The firm today announced KitKat will use cocoa exclusively from the company’s own sustainability program, the Nestlé Cocoa Plan, from the first quarter of 2016.
KiKat already uses sustainable cocoa, accredited by third parties, in the US and some other global markets. The brand has been Fairtrade certified in the UK and Ireland since around 2010.
UTZ and Fairtrade tie-ups
Sandra Martinez, head of Confectionery for Nestlé, said: “This announcement will only strengthen consumer trust in KitKat as a responsible brand.”
A Nestlé spokesperson told ConfectioneryNews: "Our cocoa is both certified, and sourced from our partners in the Nestlé Cocoa Plan."
Nestlé has partnered with Fairtrade in the UK and UTZ Certified in other markets for the Nestlé Cocoa Plan.
The Swiss firm previously announced its entire confectionery portfolio in UK & Ireland would use cocoa from the Nestlé Cocoa Plan by the end of 2015. The company has also transitioned to cocoa from the Nestle Cocoa for some US brands such Crunch.
The move to 100% sustainable cocoa for KitKat coincides with the brand’s 80
"Nestlé encourages market[s] to carry a Nestlé Cocoa Plan logo on pack to communicate the sustainable cocoa component on KitKat. The use of the UTZ certified logo is optional," said a company spokesperson.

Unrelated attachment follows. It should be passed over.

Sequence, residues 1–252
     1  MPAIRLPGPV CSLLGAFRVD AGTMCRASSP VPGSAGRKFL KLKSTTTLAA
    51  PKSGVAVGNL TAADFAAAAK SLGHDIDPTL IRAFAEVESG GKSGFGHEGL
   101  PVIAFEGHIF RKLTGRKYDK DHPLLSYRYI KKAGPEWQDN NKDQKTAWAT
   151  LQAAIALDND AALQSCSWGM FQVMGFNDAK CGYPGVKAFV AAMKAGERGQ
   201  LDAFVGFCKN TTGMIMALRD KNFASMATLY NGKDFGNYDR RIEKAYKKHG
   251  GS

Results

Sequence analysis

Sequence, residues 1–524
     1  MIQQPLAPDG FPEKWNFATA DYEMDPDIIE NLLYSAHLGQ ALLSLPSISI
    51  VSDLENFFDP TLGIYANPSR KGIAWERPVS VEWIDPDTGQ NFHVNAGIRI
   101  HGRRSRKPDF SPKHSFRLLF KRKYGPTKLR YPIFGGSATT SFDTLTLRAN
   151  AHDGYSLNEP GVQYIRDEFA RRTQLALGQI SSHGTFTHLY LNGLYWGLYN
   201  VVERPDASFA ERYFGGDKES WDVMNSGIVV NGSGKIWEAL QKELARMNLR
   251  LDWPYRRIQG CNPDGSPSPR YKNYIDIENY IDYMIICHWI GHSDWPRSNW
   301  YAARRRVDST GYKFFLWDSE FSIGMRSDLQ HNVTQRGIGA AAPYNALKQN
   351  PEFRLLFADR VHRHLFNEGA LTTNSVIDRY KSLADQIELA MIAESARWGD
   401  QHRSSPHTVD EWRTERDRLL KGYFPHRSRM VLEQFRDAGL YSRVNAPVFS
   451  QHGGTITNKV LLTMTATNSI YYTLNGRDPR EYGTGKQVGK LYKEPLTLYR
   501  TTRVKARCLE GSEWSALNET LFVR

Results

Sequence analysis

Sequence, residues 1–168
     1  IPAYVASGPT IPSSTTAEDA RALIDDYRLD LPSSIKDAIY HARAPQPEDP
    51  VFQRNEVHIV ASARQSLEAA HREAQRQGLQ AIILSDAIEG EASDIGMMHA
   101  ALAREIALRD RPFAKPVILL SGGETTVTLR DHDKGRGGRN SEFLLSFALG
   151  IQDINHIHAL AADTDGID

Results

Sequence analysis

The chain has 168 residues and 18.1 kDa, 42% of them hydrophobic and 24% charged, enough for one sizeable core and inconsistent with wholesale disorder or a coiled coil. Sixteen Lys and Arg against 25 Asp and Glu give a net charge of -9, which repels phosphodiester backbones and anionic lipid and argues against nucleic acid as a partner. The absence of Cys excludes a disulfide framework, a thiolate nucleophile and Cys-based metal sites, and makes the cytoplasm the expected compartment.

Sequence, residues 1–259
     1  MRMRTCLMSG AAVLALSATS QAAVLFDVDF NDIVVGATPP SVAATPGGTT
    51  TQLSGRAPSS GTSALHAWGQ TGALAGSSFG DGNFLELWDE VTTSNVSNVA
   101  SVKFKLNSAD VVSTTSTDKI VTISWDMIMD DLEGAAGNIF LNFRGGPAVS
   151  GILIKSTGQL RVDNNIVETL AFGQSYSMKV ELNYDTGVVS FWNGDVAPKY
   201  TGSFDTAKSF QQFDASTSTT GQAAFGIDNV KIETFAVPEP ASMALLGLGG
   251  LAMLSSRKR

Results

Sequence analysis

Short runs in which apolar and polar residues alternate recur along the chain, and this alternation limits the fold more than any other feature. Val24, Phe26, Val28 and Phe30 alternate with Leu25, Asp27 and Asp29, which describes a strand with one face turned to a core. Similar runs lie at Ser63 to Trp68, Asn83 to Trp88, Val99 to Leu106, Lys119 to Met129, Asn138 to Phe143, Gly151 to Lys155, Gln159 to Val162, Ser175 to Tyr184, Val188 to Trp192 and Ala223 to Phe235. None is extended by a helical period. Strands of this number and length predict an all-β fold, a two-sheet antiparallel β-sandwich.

Total public commitment?
Earlier this year, Nestle told us its Cocoa Plan covers about half of its cocoa supply in Cote D’Ivoire and 25% overall.
Mars, Hershey and Ferrero have made commitments to move to 100% certified cocoa by 2020, but Nestlé and its rival Mondelēz have made no public commitment to source 100% of cocoa supplies sustainably.
Nestlé has however committed to sourcing 150,000 metric tons of cocoa through the Nestle Cocoa Plan by 2017. This would represent around 35% of its cocoa supply against estimates in the 2015 Cocoa Barometer that put Nestlé’s global cocoa supply at 430,000 MT in 2013.
Nestlé Cocoa Plan: Child labor and auditing
Nestlé pays a $150-200 premium per MT under its Cocoa Plan which is split roughly half to the farmer and half to the cooperative.
The Nestlé Cocoa Plan includes a child labor monitoring and remediation project, which its implementing partner, the International Cocoa Initiative (ICI), claims is going further to pick up instances of unlawful child labor on West African cocoa farms.
Tulane University last month published a study that found 2.03m children were engaged in hazardous cocoa work in Côte d’Ivoire and Ghana during the 2013/14 harvest season, up 18% from 2008/09 season.
Nestlé’s cocoa supply is audited by the Fair Labor Association (FLA). In August last year, the FLA produced a report that found four children under age 15 working on farms supplying Nestlé, evidence of gender inequality and a number of health and safety violations. Nestlé has agreed to take corrective action in response.